The press release has always been a go to staple in the PR pantry. It’s an ingredient nearly every PR pro busts out when they are looking to cook up something great. But if press releases are such key ingredients in PR’s recipe for success, why are so many PR pros continually let down by […]
In light of the holiday last week, we decided to forego sending out an email, which would have likely clogged your overflowing Inbox. So, post Labor Day, and much to your non-white-wearing delight, we bring you a Double Feature blog post. In said post, we will (at my expense) explore feeling like a total A-hole […]
To forward the discussion from last week’s post “How to pitch the press” I thought it would be fun, and possibly frustrating, to point out the Top 5 Don’ts courtesy of a really important tech reporter from a really big news organization that will go unnamed.
But let’s just say it’s one of the top ten, and if you ever appeared in print or online in this publication you’d be extremely happy with your PR efforts. I will also point out here that 40% of tech stories covered by press are about the big five: Facebook, Apple, Microsoft, Google, and Twitter. This is an important factoid to note if you think, for ANY reason, you deserve or are guaranteed press coverage for your tech company on a regular basis.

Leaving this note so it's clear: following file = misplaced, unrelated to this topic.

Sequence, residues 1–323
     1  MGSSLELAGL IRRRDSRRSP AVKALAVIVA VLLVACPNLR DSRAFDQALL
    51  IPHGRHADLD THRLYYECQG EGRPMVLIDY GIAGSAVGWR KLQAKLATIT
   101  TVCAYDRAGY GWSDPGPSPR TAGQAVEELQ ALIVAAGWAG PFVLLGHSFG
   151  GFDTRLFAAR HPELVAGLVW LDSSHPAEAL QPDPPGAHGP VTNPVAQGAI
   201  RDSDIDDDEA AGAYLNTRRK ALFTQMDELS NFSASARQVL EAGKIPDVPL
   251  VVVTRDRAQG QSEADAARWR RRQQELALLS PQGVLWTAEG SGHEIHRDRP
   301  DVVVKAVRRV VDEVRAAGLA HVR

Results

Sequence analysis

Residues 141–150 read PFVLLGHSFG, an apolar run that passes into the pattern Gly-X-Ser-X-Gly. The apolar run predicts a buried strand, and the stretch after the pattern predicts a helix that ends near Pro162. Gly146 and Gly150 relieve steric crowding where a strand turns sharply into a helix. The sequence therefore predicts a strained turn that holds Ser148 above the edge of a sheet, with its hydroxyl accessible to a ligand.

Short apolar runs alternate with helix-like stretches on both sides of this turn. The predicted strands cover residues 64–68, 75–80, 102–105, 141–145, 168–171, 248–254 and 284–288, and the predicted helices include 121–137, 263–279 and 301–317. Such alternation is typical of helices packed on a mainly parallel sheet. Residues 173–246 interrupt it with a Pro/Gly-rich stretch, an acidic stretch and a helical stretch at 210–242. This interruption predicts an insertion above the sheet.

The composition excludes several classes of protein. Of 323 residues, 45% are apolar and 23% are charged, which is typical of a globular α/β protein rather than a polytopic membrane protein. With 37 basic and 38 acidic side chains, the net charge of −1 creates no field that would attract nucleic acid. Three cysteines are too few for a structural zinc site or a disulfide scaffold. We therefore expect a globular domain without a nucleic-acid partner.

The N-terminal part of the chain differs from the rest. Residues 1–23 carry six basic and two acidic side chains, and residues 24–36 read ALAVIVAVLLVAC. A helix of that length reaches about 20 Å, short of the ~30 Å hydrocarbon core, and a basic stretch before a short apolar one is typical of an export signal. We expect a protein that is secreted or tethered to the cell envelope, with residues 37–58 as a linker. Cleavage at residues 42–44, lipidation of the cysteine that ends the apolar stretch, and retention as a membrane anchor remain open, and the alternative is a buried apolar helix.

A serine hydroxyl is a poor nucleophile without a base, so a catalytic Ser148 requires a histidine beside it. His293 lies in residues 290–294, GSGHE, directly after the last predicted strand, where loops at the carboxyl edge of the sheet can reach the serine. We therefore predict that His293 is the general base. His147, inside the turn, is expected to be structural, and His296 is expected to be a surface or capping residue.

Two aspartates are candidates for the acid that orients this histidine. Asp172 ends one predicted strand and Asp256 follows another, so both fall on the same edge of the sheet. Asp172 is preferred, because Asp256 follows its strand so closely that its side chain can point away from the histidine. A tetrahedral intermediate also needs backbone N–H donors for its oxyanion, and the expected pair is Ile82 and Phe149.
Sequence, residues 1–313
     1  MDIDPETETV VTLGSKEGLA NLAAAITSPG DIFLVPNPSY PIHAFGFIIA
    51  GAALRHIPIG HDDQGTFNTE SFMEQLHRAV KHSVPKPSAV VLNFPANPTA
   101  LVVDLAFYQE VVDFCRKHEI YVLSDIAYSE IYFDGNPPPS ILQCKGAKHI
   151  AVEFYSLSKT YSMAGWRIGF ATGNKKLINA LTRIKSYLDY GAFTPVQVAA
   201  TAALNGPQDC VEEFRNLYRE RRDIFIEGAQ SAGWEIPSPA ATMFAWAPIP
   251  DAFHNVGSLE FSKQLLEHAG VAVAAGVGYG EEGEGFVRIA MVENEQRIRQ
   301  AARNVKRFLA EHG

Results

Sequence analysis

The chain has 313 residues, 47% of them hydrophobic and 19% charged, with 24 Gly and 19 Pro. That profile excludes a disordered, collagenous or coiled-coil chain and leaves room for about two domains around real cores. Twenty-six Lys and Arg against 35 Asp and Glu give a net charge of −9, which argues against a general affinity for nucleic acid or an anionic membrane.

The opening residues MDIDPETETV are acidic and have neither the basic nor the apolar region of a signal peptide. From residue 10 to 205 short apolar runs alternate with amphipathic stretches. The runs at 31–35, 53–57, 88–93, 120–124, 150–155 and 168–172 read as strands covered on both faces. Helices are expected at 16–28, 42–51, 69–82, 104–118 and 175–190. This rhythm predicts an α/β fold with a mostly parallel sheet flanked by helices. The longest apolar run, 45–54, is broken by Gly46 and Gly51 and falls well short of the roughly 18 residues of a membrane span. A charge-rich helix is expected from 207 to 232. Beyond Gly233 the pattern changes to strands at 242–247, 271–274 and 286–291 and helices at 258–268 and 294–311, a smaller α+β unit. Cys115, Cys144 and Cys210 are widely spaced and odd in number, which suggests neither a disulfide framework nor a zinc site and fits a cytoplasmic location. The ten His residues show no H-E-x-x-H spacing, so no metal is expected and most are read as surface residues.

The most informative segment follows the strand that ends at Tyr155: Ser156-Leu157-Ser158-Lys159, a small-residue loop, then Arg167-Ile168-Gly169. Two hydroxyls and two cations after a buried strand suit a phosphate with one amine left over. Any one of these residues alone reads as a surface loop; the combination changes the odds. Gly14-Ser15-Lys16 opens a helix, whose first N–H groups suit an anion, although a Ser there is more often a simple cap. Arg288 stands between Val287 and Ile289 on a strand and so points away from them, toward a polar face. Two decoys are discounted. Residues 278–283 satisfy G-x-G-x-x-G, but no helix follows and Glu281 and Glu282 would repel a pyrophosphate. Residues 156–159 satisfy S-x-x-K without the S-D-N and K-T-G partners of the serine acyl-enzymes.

It ain’t happenin’. Fish elsewhere. Contribute to niche blogs. Write your own blog with an interesting point of view. Get social. Create meaningful relationships with influencers. This is all part of the PR machine.
This blog post is not intended for seasoned PR pros – because they will likely be privy to the points he (or maybe it’s a she?) makes below…save the last point which is still largely up for debate. We will get into embargoes next week. THAT will be a fun discussion.
Straight from “Tech Reporter X” are the Top 5 Don’ts:
1) Don’t ask reporters to rewrite a press release. They take pride in THEIR work, not in being YOUR amplifier. [Sorry to jump in, but this goes back to the article “Journalists: it’s about them not you” from a couple weeks ago]
2) Take NO for an answer. Meetings are great. Introductions are welcome. Connections are awesome. They don’t always (often) lead to immediate stories. Trust that if a reporter wants to cover the news he/she will. Pressure from you to do so is only a deterrent. So in “don’t” form I guess it’s – Don’t be annoying! Continue reading…
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